When you receive this edition of the Bulletin / Geppo, we will be within a couple of weeks of making a decision about who will be our government and what path our country will take. Unless you’ve been out of the country or ignore all media, you will know that there is a federal election coming up. If you know that Election Day is on October 19 and you have already voted or plan to vote then kudos to you, and please take a friend, family member or neighbour to the polls.
Only 61 percent of eligible voters in the last federal election voted. There are a myriad of excuses including the oft-repeated, “what difference does my vote make.” Well, if the 7.5 million people who did not vote actually voted we would have seen significant differences.
Those we put in power make the decisions that affect every aspect of our lives including whether our public health care continues, affordability of housing, accessibility of post-secondary education, protection of our environment, safety of our food, availability of decent jobs, and the liveability of our communities. Also, those who are elected make decisions about whether we have a safe, inclusive country for women, aboriginal and racialized peoples, LGBT, people with physical or mental challenges, those in poverty, seniors, and some of the most vulnerable members of society.
As citizens we all have a duty to participate in our democracy. We owe it to those who fought to protect our democracy and to those who fought for our rights and freedoms. Japanese Canadians did not always have the rights we enjoy today.
We could not vote until 1949, four years after the Second World War ended. It was also when the ban was lifted and Japanese Canadians were allowed to return to the BC coast. The federal government used the War Measures Act in 1942 to forcibly remove 22,000 Canadians of Japanese ancestry from the west coast under the guise of security. The act allowed them to take the property (including land, businesses, farms, homes, vehicles, fishing boats, and personal possessions) from Japanese Canadians and imprison them, and even send some to Japan. The government called it deporting, but that is incorrect because you can’t deport your own citizens to a foreign country.
We fought for recognition and reparations for the unjust incarceration, and in 1988, we won redress.
But, it seems that the giant step forward has been forgotten, and we’re now fighting against taking steps backwards. This was the emerging theme coming from the Legacy of Redress forum organized by the Greater Vancouver Japanese Canadian Citizens’ Association (GVJCC) Human Rights Committee. The forum brought members of the community together with former members of the redress committee to learn about internment, redress, and to hear the perspective of Aboriginal peoples, Muslims, environmentalists, and others who are seeing the erosion of rights and laws won after hard-fought battles.
For example, reminiscent of the War Measures Act is Bill C51 which was introduced by the current Conservative government and passed with the support of the Liberal MPs. It’s a massive bill which gives sweeping powers to the government with no increase in oversight. The broad wording of C51 allows the government to spy, arrest, and detain anyone challenging its economic, environmental, and social policies. C51 puts a big chill on freedom of speech, and can easily be used to target groups, and used against anyone who would speak out against the targeting.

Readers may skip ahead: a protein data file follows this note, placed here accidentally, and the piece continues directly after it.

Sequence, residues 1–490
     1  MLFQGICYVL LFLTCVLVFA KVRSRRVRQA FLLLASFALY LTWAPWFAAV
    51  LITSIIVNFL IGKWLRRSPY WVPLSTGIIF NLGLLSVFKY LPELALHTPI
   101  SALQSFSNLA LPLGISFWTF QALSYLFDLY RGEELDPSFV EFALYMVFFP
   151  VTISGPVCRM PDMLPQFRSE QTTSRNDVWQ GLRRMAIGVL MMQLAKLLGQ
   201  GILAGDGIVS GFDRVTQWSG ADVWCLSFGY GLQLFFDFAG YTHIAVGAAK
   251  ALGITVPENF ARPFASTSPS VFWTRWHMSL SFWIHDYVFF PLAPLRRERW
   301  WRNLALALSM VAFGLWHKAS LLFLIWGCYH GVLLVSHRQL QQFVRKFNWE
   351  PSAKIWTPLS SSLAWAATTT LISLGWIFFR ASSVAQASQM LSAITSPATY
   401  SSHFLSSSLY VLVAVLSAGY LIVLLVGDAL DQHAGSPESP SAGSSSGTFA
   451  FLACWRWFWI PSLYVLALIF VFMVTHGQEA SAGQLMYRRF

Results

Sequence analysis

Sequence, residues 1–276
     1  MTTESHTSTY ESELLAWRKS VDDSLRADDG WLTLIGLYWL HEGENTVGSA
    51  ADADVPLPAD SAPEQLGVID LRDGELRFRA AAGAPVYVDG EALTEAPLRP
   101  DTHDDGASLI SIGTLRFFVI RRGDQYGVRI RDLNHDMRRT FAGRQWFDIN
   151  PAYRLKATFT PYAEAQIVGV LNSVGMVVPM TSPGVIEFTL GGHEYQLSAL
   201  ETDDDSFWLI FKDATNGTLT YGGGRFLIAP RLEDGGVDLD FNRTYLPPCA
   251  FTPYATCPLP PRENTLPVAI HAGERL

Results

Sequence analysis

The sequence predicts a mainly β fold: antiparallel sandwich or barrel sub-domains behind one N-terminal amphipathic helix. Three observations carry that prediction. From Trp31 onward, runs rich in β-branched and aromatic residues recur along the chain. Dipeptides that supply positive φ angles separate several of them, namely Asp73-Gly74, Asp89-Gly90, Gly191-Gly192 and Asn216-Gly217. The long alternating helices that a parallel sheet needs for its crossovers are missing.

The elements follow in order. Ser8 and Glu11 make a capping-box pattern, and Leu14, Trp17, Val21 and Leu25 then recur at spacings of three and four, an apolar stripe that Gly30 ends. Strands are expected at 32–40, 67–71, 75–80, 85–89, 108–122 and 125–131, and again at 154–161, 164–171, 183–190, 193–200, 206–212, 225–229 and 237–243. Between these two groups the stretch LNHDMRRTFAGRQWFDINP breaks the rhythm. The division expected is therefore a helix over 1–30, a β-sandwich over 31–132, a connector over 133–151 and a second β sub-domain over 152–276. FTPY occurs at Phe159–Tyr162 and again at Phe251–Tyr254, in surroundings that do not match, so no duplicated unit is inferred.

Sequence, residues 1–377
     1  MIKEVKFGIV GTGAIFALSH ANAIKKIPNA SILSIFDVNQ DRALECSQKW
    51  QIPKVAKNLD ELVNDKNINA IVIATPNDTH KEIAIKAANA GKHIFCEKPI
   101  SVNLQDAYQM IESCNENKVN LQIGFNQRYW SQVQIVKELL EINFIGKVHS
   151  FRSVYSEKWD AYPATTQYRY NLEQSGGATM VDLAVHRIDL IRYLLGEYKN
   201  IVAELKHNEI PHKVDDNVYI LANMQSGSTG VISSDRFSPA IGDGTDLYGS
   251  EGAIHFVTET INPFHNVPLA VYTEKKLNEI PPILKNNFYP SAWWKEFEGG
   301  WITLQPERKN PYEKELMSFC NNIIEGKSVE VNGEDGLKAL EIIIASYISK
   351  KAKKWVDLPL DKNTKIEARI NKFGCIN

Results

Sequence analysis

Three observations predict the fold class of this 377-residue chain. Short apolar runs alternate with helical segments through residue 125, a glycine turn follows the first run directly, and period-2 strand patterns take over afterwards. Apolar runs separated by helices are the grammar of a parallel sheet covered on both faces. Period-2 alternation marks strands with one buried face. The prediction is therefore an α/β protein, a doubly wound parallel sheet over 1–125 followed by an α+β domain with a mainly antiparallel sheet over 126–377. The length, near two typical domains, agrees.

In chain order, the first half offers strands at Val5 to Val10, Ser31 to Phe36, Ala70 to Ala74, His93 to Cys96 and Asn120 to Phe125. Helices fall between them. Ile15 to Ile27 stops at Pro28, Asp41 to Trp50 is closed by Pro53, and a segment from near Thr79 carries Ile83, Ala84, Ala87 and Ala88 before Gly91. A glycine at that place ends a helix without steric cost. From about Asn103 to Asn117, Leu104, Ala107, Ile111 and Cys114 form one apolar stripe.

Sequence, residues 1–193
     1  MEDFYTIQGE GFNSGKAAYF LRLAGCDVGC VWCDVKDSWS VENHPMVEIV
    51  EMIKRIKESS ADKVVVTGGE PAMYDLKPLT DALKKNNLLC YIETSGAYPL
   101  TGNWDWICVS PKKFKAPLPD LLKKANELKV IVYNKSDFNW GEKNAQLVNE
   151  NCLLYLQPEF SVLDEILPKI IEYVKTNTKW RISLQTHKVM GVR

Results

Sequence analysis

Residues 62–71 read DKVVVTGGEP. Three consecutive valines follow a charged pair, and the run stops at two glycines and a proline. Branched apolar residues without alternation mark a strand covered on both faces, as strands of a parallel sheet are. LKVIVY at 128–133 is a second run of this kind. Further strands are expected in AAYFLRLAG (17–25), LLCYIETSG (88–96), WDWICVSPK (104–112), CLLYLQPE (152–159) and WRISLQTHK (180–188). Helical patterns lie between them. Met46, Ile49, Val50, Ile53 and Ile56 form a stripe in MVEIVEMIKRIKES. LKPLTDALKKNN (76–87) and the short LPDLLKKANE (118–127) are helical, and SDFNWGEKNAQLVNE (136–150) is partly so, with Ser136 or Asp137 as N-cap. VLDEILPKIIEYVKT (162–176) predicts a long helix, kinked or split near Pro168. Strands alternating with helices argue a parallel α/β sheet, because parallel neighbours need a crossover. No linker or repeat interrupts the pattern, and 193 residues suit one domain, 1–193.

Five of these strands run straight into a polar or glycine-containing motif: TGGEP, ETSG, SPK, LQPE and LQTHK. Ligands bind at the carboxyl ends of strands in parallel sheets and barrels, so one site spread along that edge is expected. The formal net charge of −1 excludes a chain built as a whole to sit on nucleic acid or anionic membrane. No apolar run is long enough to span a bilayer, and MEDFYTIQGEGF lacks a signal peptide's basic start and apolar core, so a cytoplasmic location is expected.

The interactive sessions at the forum allowed for some deep discussions and we found out how much we have in common, more than we think, and how much power we have when we work together and participate in our democracy. Thanks to our wonderful speakers and all those who participated.
One of the takeaways from the forum was the importance of finding out about how to participate. The current federal government made changes to the Elections Act including restricting communication from the Chief Electoral Officer. You can no longer use the voter identification card as identification and there are changes to the riding boundaries. For more information check out the Elections Canada website at elections.ca or call 1-800-463-6868 (toll-free in Canada and the USA). For anyone elsewhere in the world they can call 613-993-2975. Did you know you can actually vote by mail if you are out of the country, and you can vote at any Elections Canada office (before October 13) and at advance polling stations on October 9, 10, 11 and 12? Please vote and make a difference for now, and for our future.
One of the duties I enjoy as president is the opportunity to attend events and meet up with our elders. I always find it fascinating to hear their stories, and I learn so much from them. At the Nikkei Place Community Awards dinner, we celebrated Thomas Shoyama through the award that is named after him. Thomas Shoyama helped create our public health care system with NDP Premier Tommy Douglas.
On social media, I posted a comment about Thomas Shoyama and received about 158 likes, reposts, and a few comments from people who said they learned something. Arthur Hara, the recipient of the award, spoke about his friendship with Thomas Shoyama, and about the work of the GVJCCA in the 1960s. I met with him later in the evening and let him know that I would like to hear more. He agreed to share some stories which I will add to a file, a future project on the history of the JCCA.
And I was also pleased to gain some insights into the life of a fisher during my conversation with Kiyo Goto who was a great table mate at the dinner.
Thank you everyone for the opportunity to learn about our Japanese Canadian history, and for your support to preserve and share our stories.